Sports and entertainment roundtables included this one with, clockwise from left, Jordan Fraser, CBS Outdoor, New York; David August, Maple Leaf Sports & Entertainment, Toronto; Lawrence Chang, Calgary (Alberta) Telus Convention Centre; Joe Bonanno, International Speedway Corp.; Daniel Person and Joseph Schuldhaus, Triple 5/West Edmonton (Alberta Mall) and Ralph Schorbach, technology manager, Fairplex, Pomona, Calif. (VT Photo)
One roundtable centered on how to sell and maintain all the new products available digitally. Humankind’s changing behavior requires a change in the business model as well, noted Ralph Schorbach, IT Manager, Fairplex, Pomona, Calif., who moderated a roundtable on Managing Digital Signage Diversity at a Large Venue. The roundtable drew representatives from Maple Leaf Sports & Entertainment, International Speedway Corp., Calgary Telus Convention Centre; and Triple5, managers of West Edmonton (Alberta) Mall, Mall of America, Bloomington, Minn., and, coming soon, the American Dream Meadowlands Mall, East Rutherford, N.J. All were at DSE looking for ways to monetize digital signage as well as discover the latest and greatest.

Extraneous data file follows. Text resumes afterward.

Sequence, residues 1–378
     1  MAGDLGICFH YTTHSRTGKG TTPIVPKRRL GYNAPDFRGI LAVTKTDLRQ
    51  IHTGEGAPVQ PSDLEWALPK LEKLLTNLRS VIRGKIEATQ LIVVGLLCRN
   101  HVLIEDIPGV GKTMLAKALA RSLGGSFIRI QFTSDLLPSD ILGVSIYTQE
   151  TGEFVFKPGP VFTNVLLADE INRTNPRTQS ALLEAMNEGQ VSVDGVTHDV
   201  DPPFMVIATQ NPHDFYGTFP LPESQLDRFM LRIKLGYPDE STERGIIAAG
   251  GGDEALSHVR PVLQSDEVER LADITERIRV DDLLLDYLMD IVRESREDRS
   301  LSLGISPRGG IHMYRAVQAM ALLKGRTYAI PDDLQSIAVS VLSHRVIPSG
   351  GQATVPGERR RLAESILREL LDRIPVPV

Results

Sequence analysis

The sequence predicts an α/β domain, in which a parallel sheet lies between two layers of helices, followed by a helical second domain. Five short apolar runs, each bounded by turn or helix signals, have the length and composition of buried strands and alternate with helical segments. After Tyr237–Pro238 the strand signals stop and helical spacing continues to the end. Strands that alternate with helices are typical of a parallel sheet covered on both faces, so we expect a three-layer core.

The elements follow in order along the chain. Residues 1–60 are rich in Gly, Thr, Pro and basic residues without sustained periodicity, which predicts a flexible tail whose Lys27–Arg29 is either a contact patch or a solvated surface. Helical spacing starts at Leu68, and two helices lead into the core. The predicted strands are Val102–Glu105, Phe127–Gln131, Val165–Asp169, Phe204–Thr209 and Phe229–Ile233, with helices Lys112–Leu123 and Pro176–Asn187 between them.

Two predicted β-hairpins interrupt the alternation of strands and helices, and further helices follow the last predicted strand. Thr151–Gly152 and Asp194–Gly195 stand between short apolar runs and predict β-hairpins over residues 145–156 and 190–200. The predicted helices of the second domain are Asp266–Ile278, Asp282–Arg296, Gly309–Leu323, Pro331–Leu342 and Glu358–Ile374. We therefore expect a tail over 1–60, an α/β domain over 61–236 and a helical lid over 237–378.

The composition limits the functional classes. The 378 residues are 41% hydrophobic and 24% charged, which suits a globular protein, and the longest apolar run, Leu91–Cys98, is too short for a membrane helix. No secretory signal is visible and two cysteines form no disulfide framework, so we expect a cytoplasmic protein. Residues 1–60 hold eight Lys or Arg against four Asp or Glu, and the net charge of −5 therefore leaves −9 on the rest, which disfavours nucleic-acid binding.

MLSE’s Dave August noted that at Air Canada Centre, Toronto, top of mind is the fact they have an hour to engage 20,000 people. The venue has 400-plus screens with different information. He said it is obvious that dynamic signs result in an uptick in sales, better service and bright points at the venue.
Lawrence Chang, Calgary Telus Convention Centre, said he’s found digital signage at the center pretty much has to be all touch. “Everyone touches the screen,” Schorbach agreed.